Bill Thomas

15th January 2016

Bill Thomas in uniform with his signaller’s emblem. (Courtesy of Bill Thomas)

Bill Thomas in uniform with his signaller’s emblem. (Courtesy of Bill Thomas)

WW2 memories relevant to the war in the air have recently been rightly focused on The Battle of Britain, but there were other theatres. Here’s a remarkable tale that I want to tell you.

Bill Thomas was born near Clarbeston Road in 1924. He left school at fourteen to work in an office at James Williams of Narberth. At the age of seventeen he joined the Air Training Corps and then the RAF at eighteen.

In April 1943 Bill was called up to the Aircrew Receiving Centre at St John’s Wood, London and from there was posted to No. 19 Initial Training Wing at Bridgenorth in Shropshire for six weeks of ‘square bashing’. There followed a six month wireless operator’s course in Wiltshire, during which Bill reached 25 words per minute in Morse, before passing out in January 1944 with a signallers brevet and the rank of sergeant.

In May 1944 Bill sailed to Egypt for a six week Air Gunner’s course and then became operational with 70 Operational Training Unit. In mid August, still in Egypt, Bill’s crew were engaged in formation flying practice. Emerging from cloud, Bill’s Marauder bomber collided with the Leader’s aircraft, ‘Our huge propellers chopped off his tail fin and rudder, sending them spinning down,’ Bill told me.

Marauder B26; a difficult aircraft to fly, nicknamed ‘The widow maker’. (Courtesy of Bill Thomas)

Marauder B26; a difficult aircraft to fly, nicknamed ‘The widow maker’. (Courtesy of Bill Thomas)

The six South African Crew, all war veterans, were killed. An RAF Flying Officer who had gone up, ‘for the ride’, escaped through the astro hatch and parachuted to safety, but suffered multiple injuries as a result of a hard landing. Despite being unsurprisingly, extremely shaken and having badly damaged propellers, Bill’s pilot made a good landing.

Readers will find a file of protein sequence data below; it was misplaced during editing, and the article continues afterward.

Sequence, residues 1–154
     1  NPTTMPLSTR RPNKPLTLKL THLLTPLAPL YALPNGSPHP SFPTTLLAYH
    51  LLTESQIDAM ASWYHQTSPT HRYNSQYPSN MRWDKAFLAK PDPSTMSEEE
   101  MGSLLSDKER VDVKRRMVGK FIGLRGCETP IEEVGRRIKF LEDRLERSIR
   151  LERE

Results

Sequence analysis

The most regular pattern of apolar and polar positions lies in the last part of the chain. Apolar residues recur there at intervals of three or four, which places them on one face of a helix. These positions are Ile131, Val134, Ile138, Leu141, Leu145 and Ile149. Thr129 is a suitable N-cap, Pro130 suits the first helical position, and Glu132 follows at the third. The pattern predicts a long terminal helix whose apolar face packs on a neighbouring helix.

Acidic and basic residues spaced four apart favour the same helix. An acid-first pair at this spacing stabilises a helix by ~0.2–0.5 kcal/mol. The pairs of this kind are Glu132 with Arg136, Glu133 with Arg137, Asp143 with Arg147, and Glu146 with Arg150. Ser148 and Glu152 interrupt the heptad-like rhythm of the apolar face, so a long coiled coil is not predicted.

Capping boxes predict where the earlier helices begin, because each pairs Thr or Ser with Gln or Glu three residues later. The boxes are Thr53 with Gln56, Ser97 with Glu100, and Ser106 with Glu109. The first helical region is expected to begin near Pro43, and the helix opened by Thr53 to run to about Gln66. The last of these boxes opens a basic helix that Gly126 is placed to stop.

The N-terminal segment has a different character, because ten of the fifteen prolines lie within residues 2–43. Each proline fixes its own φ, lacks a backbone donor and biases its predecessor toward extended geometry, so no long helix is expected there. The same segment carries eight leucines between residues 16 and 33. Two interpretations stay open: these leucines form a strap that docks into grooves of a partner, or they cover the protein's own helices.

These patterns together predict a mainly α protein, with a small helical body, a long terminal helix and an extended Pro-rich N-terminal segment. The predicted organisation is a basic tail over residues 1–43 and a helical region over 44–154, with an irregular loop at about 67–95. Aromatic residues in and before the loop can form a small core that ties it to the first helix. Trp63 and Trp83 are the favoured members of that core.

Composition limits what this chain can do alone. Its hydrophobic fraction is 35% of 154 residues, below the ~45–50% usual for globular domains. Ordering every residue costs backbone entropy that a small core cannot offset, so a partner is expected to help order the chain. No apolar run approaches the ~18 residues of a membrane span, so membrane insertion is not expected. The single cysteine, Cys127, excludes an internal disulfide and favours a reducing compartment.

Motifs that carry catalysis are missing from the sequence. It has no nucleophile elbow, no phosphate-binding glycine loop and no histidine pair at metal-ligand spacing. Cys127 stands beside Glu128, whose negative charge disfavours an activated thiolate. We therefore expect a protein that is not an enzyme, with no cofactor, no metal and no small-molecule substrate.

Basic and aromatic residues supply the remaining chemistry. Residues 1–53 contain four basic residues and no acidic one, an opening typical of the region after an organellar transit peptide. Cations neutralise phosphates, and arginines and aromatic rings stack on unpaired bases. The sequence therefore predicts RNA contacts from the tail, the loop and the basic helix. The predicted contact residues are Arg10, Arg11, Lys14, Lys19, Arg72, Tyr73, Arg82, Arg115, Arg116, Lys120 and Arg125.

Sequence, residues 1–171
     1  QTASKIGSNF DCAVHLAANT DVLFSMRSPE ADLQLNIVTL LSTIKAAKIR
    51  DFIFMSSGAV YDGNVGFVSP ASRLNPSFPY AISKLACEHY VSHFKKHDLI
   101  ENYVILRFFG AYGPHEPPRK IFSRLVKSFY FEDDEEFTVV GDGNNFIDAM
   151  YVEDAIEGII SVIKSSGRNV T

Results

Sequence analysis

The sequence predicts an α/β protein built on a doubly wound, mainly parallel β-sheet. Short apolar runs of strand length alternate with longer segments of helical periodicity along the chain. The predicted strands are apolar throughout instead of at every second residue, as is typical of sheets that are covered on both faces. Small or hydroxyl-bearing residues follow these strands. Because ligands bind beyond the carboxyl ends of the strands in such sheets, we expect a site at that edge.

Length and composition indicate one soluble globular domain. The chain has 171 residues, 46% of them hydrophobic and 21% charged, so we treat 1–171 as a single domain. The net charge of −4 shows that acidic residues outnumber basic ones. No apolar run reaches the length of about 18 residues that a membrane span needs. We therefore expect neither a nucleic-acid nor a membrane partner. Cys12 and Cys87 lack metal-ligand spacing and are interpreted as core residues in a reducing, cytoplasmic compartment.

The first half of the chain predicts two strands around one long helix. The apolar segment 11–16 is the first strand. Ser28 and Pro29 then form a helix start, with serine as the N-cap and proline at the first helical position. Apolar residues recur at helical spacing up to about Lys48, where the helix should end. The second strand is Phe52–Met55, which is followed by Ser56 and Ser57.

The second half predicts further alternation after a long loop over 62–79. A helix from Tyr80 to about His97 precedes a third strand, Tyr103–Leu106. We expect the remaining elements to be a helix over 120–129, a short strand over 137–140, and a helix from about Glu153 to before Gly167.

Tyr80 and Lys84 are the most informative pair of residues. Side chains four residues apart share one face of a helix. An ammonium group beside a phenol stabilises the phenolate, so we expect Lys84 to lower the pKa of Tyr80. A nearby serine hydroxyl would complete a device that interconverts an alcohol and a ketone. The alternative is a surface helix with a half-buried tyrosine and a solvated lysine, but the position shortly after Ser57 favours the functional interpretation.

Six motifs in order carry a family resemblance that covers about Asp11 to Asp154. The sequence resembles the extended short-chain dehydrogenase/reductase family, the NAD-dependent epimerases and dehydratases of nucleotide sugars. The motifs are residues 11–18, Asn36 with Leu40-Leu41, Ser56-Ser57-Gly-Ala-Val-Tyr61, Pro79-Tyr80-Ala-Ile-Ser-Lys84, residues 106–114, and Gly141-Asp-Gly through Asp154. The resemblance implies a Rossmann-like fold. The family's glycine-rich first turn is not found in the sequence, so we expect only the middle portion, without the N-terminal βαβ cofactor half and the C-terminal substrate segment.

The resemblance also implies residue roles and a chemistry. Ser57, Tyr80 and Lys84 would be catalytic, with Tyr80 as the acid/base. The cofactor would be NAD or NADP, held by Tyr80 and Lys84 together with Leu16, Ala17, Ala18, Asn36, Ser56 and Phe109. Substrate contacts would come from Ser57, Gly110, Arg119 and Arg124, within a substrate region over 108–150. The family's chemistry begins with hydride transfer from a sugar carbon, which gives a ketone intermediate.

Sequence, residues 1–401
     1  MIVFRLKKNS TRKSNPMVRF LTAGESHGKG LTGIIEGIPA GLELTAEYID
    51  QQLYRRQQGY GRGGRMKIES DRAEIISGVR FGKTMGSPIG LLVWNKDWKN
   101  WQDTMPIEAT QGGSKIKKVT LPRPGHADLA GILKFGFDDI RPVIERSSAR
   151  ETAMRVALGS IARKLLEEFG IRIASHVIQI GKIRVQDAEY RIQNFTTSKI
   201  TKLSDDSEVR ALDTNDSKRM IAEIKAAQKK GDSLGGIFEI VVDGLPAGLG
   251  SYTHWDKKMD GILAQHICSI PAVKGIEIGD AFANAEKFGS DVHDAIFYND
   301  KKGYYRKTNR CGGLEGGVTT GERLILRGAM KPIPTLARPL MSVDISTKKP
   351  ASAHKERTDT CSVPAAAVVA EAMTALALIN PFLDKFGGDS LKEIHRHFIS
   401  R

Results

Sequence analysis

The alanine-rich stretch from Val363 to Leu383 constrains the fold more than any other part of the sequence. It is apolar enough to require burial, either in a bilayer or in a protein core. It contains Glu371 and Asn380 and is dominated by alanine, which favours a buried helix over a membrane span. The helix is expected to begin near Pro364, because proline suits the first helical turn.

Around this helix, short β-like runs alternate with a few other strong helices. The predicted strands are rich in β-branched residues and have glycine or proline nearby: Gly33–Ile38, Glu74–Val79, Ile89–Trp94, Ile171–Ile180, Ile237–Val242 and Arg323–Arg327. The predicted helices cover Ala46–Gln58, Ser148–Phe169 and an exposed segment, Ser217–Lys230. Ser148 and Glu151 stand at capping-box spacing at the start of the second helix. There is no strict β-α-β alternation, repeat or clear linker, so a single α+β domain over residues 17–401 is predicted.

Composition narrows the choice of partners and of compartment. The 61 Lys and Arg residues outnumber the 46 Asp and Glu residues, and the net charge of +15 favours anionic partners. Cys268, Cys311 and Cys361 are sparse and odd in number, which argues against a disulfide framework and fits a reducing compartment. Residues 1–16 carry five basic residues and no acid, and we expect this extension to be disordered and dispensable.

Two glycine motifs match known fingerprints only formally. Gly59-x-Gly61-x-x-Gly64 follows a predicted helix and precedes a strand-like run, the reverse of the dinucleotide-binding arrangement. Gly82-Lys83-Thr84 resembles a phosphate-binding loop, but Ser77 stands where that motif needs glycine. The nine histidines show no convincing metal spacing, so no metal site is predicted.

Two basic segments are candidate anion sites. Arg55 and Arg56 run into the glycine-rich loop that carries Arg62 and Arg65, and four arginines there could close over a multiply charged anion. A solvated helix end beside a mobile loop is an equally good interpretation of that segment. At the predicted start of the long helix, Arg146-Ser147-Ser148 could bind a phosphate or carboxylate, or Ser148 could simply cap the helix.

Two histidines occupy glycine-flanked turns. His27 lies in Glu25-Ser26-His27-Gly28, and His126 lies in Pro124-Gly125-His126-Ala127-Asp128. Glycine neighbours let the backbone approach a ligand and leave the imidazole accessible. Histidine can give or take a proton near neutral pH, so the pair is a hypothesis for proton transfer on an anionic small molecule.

Bill’s crew were posted to Italy in October 1944 and became part of the 25 Squadron South African Air Force at Campo Marino alongside the Adriatic. (The SAAF were short of wireless operators and Bill, along with 23 others had been seconded to them). There followed 43 bombing sorties over former Yugoslavia acting in support of the partisans.

‘On one occasion,’ reveals Bill, ‘‘when heavy flak was bursting very close to the formation, with a heavy smell of cordite, the skipper’s words came over the intercom, ‘these b......ds have got their first team out today.’’ On return to base, it was found that the port navigation lights had been shot away. Absolute disaster was never far away.

On the 1st April 1945, the formation that Bill was with was nearing the Yugoslav coast when one of the pilots advised that an engine was overheating. The aircraft was instructed to turn back and Bill’s plane was ordered to act as escort, ‘As we turned around, we could see the crew already abandoning the damaged plane and parachuting into the Adriatic.’

Bill’s aircraft circled the men in the water for one and half hours during which Bill had to send out countless SOS messages directing a Catalina flying boat to the scene. As the Catalina arrived, so Bill’s aircraft left, running low on fuel. Bill was praised for faultless, accurate wireless usage and was excused debriefing.

Four days before the end of the war, Bill’s crew were on their 43rd and final mission. The target was a vital bridge near Jasenovac which the Germans were pouring troops over. They were told to expect little flak but, ‘as we approached the target, so all hell broke loose. We were caught in a heavy barrage of anti-aircraft fire.’

The aircraft on Bill’s left took a direct hit, flipped over and plunged to the ground. All six crew were killed together with a South African Warrant Officer who had again, ‘gone along for the ride’, not wanting to end the war without having been in action. This time, the extra passenger wasn’t so lucky.

After VE day, Bill was posted to Naples where he acted as a pay account’s clerk with an RAF transport unit. He returned to the UK in 1947 and after being demobbed began working at Haverfordwest railway station. On the 31st August 1963 Bill married Shirley. They recently celebrated their 52nd anniversary.

Bill and his wife Shirley

Bill and his wife Shirley